Book in hand, I approached our teen sons about our on-going tussle over what they should to wear to church.

"I've always thought it's important to honor God by wearing our nicest clothes on Sunday," I said. "But listen to this quote: 'When asked why they don't go to church, poor people list clothes as the number one reason.' What do you think about that?"

"So if we dress up, we might make people who can't buy clothes feel unwelcome?" one of my sons asked thoughtfully. I could almost hear the background noise of wheels spinning inside his brain ... and heart.

"Maybe."

"So you're saying we've been right and you've been wrong?" The other one asked. He looked shocked.

"Maybe. But it's more about why we're wearing the clothes, not the clothes themselves. I need to ask if I've been dressing our family to impress others. And you should probably ask if you've been dressing to indulge yourselves. Both of us would be wrong."

When they came down the next Sunday, one son was dressed in his everyday faded-cargo-pants-and-sweatshirt ensemble. "I'm thinking about the poor, Mom," he told me, grinning.

The other was in a collared shirt. "Let's go," was all he said. "We're going to be late."

For once, I didn't say anything. Trust me, there might more changes to come for the Perkins family, because you can't listen to prophets like the ones in this book without "acknowledging the hardening process that our sin and culture have on us," and asking God to transform your status quo.

Youth Specialties, Racism, and Facing the Pain

The Christian organization Youth Specialties this week modeled how to confess and turn away from prejudice, even when it's costly and more tempting to let things ride. Other Christian organizations and churches should take note of this heartfelt, humble example of listening to our brothers and sisters, especially when it comes to issues of race.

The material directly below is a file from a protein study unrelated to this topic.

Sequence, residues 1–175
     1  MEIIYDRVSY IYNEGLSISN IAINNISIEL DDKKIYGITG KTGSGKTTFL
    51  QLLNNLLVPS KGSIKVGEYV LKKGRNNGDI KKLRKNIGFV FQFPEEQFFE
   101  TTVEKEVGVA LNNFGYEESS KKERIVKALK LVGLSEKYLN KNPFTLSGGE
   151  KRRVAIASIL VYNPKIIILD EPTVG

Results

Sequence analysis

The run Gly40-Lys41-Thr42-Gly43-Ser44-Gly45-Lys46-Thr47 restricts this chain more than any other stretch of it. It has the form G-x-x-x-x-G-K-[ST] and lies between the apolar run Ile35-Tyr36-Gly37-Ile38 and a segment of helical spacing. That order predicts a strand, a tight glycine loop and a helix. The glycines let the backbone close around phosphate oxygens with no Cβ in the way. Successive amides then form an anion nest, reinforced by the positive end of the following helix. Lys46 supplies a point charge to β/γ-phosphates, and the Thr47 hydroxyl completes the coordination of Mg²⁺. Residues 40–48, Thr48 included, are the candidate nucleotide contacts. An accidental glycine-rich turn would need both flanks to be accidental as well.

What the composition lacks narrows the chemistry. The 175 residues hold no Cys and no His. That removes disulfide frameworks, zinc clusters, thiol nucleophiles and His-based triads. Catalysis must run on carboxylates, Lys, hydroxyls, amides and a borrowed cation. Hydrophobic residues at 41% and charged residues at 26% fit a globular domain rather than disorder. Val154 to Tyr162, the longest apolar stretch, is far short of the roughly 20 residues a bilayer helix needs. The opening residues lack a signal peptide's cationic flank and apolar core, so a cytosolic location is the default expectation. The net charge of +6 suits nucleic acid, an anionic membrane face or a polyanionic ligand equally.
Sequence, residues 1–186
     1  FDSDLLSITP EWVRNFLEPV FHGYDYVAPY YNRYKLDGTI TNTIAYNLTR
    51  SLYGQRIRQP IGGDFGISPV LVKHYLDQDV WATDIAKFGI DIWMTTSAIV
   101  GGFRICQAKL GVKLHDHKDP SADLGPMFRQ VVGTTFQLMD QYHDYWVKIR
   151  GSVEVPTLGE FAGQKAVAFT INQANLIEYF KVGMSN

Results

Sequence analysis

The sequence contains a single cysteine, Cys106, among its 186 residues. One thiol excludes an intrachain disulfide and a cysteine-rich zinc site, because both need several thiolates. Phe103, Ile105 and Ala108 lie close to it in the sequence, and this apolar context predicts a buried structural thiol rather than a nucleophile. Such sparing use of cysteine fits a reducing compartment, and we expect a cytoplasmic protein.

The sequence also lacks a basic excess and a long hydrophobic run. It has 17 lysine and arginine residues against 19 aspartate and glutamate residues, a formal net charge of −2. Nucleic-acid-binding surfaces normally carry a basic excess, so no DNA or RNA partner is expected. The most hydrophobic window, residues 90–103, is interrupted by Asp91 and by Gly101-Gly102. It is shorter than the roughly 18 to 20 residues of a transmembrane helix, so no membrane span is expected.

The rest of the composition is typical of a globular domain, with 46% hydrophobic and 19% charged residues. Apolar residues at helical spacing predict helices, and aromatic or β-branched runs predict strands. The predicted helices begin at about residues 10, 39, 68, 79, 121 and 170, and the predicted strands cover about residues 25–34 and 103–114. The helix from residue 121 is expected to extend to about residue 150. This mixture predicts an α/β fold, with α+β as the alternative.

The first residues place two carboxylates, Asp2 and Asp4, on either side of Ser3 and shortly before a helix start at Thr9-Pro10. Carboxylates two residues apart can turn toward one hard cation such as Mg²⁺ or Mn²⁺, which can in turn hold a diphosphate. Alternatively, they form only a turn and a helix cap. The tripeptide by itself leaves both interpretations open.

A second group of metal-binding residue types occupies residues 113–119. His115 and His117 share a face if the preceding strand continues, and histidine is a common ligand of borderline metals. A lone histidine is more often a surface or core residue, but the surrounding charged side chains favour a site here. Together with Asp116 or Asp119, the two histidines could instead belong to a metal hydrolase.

Why Teens Need Memoir: Left To Tell

This generation of young people is starved for the stories of older survivors. They've been cheated. They've had no equivalent of the village gathering around a fire to recount fearsome accounts of fighting off lions. Most don't live near extended family, so they don't get to relax on front porches with icy glasses of lemonade to laugh with uncles or grandmothers recalling younger versions of themselves back in the day.

That's why I want to recommend Left To Tell, Immaculee Ilibagiza's memoir of survival and devastation during the Rwandan holocaust in 1994. The power of this starkly honest story is that it doesn't leave the reader fearful and devastated. As Immaculee's tender, tough voice recounts her suffering, teens will realize that they, too, can receive grace to confront and endure evil without succumbing to it. They, too, can even experience the amazing power to forgive those who inflict evil.

In a culture where vengeance, violence, and suffering can devastate a high school or middle school community, and where lifestyles of self-indulgence and entitlement are flaunted and celebrated, teens need true stories of forgiveness, sacrifice, courage, and survival. Watch the movie Hotel Rwanda with your high schoolers. And let them read this story that Imaculee believes she was Left To Tell.

Katherine Paterson on Faith, Fiction, and Film

Check out an interview with Katherine Paterson at Christianity Today where she reveals her thoughts about the upcoming film from Disney and Walden Media based on her book, A Bridge To Terabithia, her son's writing of the screenplay, the infamous preview, and faith and writing in general. An excerpt from the interview: